One of the big “pot stock” winners of 2018 is Canopy Growth, whose stock price doubled this year before the market-wide pullback at the end of this year.
One of the factors fueling Canopy Growth’s expansion has been an investment from Constellation Brands, which pumped billions into Canopy Growth earlier this year. This financial move should give the American drinks giant a way into the cannabis and hemp markets, including the production and sale of CBD-infused drinks.
“The Farm Bill removes uncertainty for producers, distributors, and marketers of cannabidiol (CBD) throughout the U.S.,” said Frank Lane, president of CFN Media, an agency and media network devoted to all things cannabis. “As the market is predicted to grow to $22 billion, businesses that had been waiting for more clarity—particularly those in the health and wellness space—will be free and emboldened to launch their products.”
We wish you a happy holidays and a prosperous new year
The new Farm Bill is certainly providing exuberance to the supplements industry, a surefire disruptive compound that more industries than just Big Pharma is probably at least a little concerned about. Is it irrational exuberance? Just another supplement craze, a la ephedra, omega-3s, probiotics or curcumin? Removing hemp from the Controlled Substances Act is certainly a landmark piece of legislation. The FDA, however, remains a wild card. And a gold rush market glut in products will likely shake out in 2019 as large supplement companies enter the space.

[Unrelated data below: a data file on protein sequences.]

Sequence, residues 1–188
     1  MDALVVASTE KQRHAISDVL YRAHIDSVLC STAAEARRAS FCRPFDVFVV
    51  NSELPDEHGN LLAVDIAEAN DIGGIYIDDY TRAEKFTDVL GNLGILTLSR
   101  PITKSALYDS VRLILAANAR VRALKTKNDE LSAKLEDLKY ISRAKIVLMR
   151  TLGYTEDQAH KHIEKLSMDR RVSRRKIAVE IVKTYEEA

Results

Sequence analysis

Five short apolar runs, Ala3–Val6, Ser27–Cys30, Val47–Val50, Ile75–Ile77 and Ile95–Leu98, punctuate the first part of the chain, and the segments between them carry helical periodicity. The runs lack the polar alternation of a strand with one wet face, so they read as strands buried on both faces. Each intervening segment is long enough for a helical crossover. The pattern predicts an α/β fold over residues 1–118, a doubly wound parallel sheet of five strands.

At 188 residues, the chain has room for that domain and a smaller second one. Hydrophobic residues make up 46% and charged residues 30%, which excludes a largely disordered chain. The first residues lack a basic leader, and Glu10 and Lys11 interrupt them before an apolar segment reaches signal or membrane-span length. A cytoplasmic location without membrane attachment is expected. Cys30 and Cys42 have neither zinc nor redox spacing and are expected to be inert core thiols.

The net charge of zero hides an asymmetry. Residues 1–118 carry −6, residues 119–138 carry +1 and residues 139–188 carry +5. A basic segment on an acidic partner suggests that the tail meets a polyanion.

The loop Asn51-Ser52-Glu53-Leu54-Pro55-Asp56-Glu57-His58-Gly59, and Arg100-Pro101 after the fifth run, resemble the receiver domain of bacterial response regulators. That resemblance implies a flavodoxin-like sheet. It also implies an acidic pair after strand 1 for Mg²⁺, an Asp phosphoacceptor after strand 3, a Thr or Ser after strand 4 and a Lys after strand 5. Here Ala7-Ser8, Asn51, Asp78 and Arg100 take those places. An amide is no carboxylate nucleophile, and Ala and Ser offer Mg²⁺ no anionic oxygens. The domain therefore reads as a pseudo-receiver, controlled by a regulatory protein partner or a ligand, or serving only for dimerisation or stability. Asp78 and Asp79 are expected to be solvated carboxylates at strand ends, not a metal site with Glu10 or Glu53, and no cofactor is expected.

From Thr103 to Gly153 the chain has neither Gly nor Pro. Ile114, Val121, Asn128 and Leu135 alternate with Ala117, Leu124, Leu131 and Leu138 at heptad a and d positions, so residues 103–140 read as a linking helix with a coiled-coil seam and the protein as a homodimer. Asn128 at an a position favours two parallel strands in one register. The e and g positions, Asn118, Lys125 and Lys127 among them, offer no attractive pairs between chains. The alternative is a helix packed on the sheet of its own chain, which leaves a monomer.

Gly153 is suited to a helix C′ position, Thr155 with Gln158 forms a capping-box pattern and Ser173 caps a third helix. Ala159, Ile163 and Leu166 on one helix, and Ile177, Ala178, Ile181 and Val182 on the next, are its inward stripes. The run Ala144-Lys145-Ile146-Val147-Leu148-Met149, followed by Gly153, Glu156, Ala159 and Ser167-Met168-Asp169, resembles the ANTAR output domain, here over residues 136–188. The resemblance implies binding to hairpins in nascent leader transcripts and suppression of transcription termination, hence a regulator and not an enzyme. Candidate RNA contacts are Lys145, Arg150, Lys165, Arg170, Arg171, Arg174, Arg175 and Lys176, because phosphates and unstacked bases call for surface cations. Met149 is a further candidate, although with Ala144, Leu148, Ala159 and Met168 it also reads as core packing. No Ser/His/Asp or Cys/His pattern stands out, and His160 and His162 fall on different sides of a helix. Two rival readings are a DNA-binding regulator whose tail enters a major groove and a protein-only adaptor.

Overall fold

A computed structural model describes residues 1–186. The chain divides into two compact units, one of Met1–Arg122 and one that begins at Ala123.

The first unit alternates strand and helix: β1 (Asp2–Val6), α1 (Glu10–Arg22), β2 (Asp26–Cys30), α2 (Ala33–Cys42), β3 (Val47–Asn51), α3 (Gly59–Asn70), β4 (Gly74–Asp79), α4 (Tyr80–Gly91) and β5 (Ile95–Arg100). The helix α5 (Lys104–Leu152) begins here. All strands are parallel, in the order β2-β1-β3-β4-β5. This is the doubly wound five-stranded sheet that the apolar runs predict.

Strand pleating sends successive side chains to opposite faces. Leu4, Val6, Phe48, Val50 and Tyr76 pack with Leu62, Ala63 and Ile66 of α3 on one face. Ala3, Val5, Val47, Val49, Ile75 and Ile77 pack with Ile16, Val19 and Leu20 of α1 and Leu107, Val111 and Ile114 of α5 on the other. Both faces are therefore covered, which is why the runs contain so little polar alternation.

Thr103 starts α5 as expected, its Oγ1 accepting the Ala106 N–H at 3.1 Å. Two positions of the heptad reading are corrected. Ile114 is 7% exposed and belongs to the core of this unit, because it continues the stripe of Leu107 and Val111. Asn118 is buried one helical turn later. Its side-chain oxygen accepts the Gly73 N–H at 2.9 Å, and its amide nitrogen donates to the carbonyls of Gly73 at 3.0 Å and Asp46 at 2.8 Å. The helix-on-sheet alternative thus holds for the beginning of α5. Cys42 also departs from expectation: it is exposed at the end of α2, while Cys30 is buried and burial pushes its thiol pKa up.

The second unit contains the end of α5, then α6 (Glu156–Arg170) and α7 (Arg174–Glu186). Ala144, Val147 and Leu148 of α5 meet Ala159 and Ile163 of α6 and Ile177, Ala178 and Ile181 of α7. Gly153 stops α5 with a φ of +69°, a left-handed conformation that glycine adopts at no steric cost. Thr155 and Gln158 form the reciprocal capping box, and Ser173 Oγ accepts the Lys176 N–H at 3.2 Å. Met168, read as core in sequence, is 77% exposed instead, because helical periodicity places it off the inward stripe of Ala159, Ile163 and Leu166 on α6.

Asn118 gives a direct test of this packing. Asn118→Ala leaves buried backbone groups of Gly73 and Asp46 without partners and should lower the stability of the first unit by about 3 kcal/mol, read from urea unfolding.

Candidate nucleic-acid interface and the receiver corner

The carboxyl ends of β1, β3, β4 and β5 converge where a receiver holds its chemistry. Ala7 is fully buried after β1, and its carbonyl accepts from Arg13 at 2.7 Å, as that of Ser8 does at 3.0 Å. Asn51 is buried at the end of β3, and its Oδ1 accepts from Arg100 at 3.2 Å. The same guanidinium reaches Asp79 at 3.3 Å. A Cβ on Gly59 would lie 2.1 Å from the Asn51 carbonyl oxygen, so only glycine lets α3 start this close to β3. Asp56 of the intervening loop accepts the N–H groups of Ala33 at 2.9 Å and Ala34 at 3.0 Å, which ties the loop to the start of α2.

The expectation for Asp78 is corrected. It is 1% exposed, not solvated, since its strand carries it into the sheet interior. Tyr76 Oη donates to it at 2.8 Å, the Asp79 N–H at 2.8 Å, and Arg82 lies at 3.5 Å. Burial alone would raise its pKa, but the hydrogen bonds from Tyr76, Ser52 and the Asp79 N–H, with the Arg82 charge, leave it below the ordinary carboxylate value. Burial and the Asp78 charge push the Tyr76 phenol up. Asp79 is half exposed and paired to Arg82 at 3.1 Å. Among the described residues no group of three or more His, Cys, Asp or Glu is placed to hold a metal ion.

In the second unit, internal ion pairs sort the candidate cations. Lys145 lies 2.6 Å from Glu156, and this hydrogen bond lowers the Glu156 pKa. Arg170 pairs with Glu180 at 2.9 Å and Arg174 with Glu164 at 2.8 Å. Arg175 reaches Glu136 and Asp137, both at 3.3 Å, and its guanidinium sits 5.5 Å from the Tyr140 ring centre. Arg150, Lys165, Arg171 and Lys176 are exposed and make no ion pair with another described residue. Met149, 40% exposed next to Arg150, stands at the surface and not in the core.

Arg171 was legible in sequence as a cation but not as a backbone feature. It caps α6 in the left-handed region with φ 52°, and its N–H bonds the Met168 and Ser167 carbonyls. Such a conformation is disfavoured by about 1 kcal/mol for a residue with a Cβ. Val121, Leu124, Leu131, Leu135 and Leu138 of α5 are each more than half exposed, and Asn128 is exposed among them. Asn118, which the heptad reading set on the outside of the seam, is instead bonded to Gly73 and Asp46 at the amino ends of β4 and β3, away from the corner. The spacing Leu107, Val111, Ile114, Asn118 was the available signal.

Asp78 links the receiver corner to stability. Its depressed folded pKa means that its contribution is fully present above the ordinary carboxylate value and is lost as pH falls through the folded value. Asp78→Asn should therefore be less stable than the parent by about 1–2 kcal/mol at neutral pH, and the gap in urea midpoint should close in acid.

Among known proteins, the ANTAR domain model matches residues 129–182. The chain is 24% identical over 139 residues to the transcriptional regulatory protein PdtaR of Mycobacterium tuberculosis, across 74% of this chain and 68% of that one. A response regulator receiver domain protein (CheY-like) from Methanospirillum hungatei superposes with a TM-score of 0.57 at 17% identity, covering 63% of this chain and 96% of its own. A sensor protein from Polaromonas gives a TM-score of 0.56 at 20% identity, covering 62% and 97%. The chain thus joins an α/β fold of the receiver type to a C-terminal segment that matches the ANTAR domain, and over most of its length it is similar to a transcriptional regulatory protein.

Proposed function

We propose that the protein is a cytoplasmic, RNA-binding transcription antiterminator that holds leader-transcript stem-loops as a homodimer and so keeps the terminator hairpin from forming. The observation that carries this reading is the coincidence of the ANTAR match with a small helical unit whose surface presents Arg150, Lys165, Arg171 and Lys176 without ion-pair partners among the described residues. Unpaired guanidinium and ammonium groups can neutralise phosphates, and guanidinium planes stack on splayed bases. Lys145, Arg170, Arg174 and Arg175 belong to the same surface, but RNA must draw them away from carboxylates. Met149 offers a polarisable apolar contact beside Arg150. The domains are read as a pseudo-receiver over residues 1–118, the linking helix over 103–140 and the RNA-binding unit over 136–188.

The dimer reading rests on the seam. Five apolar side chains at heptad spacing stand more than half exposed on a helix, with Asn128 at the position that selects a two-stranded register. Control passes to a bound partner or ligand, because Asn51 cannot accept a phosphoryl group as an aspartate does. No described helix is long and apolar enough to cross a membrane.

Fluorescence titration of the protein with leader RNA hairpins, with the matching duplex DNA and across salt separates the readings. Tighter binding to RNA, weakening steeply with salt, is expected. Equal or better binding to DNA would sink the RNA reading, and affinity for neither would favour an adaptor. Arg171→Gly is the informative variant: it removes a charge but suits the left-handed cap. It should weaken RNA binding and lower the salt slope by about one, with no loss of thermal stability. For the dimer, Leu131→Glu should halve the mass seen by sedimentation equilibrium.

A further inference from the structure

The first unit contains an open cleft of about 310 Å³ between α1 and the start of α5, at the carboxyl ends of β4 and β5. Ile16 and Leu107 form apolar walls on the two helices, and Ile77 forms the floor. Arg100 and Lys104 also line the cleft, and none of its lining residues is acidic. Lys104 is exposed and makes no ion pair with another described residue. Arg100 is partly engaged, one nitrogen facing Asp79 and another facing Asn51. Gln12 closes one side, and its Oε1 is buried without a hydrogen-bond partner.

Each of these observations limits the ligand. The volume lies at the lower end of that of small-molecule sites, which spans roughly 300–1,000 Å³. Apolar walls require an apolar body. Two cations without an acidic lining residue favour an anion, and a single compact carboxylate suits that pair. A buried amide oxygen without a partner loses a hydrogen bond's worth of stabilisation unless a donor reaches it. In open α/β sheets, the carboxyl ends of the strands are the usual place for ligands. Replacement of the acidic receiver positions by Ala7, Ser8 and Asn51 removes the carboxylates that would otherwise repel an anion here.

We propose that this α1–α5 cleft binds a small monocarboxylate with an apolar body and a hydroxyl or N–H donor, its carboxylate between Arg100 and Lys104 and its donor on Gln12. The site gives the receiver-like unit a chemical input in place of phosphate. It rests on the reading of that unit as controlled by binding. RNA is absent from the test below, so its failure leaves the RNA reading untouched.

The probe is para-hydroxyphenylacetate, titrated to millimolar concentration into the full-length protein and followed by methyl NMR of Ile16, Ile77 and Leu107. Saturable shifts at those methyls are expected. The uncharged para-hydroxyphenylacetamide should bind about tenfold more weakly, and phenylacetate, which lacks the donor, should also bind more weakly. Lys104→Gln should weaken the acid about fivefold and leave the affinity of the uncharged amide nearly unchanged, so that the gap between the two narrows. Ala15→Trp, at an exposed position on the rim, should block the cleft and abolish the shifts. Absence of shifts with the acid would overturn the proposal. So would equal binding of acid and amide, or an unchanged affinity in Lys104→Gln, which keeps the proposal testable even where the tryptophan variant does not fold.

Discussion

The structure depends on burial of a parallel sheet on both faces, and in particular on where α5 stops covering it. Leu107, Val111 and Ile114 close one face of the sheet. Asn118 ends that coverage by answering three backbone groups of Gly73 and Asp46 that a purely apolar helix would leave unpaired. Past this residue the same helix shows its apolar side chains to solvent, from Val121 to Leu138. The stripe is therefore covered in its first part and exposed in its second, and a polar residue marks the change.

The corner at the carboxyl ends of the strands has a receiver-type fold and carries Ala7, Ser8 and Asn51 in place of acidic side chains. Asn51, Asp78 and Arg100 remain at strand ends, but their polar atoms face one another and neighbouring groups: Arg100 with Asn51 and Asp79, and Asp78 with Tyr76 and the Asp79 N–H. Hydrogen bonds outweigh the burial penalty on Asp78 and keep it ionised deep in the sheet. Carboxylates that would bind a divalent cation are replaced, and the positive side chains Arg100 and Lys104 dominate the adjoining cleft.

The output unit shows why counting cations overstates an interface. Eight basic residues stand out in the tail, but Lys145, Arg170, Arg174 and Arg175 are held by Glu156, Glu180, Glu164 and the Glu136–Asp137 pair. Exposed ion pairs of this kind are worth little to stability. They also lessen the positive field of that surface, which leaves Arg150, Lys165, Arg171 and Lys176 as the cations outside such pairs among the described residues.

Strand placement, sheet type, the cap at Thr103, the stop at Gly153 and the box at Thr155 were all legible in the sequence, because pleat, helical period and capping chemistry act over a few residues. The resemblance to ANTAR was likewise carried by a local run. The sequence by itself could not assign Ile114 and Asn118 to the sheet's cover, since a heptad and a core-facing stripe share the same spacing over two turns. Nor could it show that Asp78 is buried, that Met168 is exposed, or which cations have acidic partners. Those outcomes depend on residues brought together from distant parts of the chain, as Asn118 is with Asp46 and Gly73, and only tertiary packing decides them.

But this is not a story about kvetching. Not today. Today is the rare day when we will cheer something that President Trump signs.
Tomorrow we’ll talk about barriers to growth, health-food store challenges, disrupted industries from pharma to plastics to fuel, and whether the remaining regulatory agency—FDA—will get in the game, and to what extent.
“It is excellent to finally have definitive rules governing the sale of CBD products in the United States,” said Sasha Kadey, chief marketing officer of Greenlane, a distributor of cannabis products to head shops, smoke shops and dispensaries. “There are huge demands for these products as many Americans find great benefit in their use. A clear, legal path to bring these products to market with all the appropriate checks and balances that ultimately result in consumer safety is a huge win for consumers, law-abiding businesses and the U.S. economy.”